15.
Cell ; 184(16): 4220-4236.e13, 2021 08 05.
Article in English | MEDLINE | ID: covidwho-1272328

ABSTRACT

Severe acute respiratory syndrome coronavirus 2 (SARS-CoV-2) has undergone progressive change, with variants conferring advantage rapidly becoming dominant lineages, e.g., B.1.617. With apparent increased transmissibility, variant B.1.617.2 has contributed to the current wave of infection ravaging the Indian subcontinent and has been designated a variant of concern in the United Kingdom. Here we study the ability of monoclonal antibodies and convalescent and vaccine sera to neutralize B.1.617.1 and B.1.617.2, complement this with structural analyses of Fab/receptor binding domain (RBD) complexes, and map the antigenic space of current variants. Neutralization of both viruses is reduced compared with ancestral Wuhan-related strains, but there is no evidence of widespread antibody escape as seen with B.1.351. However, B.1.351 and P.1 sera showed markedly more reduction in neutralization of B.1.617.2, suggesting that individuals infected previously by these variants may be more susceptible to reinfection by B.1.617.2. This observation provides important new insights for immunization policy with future variant vaccines in non-immune populations.


Subject(s)
Antibodies, Viral/immunology , COVID-19 Vaccines/immunology , SARS-CoV-2/immunology , Animals , Antibodies, Monoclonal/immunology , Antibodies, Neutralizing/immunology , Antigen-Antibody Complex/chemistry , COVID-19/pathology , COVID-19/therapy , COVID-19/virology , COVID-19 Vaccines/administration & dosage , Chlorocebus aethiops , Crystallography, X-Ray , Humans , Immunization, Passive , Neutralization Tests , Protein Domains/immunology , SARS-CoV-2/genetics , SARS-CoV-2/isolation & purification , Spike Glycoprotein, Coronavirus/chemistry , Spike Glycoprotein, Coronavirus/immunology , Vero Cells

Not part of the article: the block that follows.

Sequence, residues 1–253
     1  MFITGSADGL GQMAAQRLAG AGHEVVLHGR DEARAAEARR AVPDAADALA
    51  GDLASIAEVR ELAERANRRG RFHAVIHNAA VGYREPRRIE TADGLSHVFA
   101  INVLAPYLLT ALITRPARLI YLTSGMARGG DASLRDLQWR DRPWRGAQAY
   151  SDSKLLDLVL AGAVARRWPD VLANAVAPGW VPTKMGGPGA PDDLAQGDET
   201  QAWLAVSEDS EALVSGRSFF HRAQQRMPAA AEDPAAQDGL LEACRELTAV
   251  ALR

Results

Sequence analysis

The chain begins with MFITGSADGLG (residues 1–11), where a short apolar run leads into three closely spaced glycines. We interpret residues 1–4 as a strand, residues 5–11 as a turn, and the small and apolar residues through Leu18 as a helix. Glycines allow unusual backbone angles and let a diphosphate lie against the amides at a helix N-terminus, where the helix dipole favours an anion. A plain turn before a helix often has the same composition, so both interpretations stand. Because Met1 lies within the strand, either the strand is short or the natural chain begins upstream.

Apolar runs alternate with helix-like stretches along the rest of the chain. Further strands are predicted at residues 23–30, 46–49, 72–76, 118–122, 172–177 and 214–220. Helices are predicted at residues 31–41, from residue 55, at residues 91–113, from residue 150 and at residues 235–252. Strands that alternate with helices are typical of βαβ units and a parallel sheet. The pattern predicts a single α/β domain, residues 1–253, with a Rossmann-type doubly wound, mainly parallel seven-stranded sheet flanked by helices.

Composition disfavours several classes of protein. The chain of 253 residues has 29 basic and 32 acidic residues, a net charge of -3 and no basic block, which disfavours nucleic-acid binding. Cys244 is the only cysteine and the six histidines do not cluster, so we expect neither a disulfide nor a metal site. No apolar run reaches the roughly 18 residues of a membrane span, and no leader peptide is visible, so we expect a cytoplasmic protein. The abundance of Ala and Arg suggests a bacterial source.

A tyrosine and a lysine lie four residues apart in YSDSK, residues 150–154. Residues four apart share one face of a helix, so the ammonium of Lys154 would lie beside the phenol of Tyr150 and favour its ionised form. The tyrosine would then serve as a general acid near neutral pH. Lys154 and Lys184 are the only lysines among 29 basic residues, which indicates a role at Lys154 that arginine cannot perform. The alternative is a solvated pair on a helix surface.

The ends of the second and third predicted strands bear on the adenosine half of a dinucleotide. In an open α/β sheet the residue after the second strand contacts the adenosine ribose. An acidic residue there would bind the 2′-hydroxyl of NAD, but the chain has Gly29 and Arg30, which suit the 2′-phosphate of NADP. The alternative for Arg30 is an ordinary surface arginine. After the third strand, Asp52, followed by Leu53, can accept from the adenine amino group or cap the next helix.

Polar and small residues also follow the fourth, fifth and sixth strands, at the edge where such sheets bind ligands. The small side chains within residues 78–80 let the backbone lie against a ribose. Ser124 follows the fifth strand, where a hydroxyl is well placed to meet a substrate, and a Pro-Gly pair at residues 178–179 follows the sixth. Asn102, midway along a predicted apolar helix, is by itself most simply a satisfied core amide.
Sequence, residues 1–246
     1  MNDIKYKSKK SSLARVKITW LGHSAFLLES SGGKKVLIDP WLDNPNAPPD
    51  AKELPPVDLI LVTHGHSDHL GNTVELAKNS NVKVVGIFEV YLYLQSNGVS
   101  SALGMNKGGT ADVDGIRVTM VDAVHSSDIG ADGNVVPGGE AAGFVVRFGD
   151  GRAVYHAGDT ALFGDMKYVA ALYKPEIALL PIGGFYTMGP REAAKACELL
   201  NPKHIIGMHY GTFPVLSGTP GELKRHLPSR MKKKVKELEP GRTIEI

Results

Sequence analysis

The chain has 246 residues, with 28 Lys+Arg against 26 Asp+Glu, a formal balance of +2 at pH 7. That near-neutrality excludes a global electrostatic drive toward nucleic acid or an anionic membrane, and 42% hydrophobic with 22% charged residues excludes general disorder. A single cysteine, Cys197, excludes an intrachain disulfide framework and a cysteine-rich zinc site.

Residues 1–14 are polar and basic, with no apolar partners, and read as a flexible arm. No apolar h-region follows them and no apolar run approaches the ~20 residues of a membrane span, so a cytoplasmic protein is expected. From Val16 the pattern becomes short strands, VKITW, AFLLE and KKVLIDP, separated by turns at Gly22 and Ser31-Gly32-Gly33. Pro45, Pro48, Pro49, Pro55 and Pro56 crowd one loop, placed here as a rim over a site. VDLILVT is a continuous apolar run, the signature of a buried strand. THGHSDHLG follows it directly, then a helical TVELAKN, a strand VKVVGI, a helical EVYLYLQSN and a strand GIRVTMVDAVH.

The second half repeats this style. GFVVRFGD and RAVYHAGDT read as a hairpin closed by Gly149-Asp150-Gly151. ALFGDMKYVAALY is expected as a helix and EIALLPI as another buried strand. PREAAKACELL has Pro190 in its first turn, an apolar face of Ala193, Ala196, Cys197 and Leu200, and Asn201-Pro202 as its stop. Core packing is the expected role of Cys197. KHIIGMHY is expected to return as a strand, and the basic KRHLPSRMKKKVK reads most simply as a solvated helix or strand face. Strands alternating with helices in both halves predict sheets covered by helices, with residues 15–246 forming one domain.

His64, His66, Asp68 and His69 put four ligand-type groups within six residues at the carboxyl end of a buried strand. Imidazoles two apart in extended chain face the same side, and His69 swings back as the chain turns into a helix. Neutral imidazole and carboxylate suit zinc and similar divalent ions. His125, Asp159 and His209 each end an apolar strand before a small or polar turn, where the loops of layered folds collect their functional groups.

16.
Nat Med ; 27(7): 1230-1238, 2021 07.
Article in English | MEDLINE | ID: covidwho-1243306

ABSTRACT

The northern state of Amazonas is among the regions in Brazil most heavily affected by the COVID-19 epidemic and has experienced two exponentially growing waves, in early and late 2020. Through a genomic epidemiology study based on 250 severe acute respiratory syndrome coronavirus 2 (SARS-CoV-2) genomes from different Amazonas municipalities sampled between March 2020 and January 2021, we reveal that the first exponential growth phase was driven mostly by the dissemination of lineage B.1.195, which was gradually replaced by lineage B.1.1.28 between May and June 2020. The second wave coincides with the emergence of the variant of concern (VOC) P.1, which evolved from a local B.1.1.28 clade in late November 2020 and replaced the parental lineage in <2 months. Our findings support the conclusion that successive lineage replacements in Amazonas were driven by a complex combination of variable levels of social distancing measures and the emergence of a more transmissible VOC P.1 virus. These data provide insights to understanding the mechanisms underlying the COVID-19 epidemic waves and the risk of dissemination of SARS-CoV-2 VOC P.1 in Brazil and, potentially, worldwide.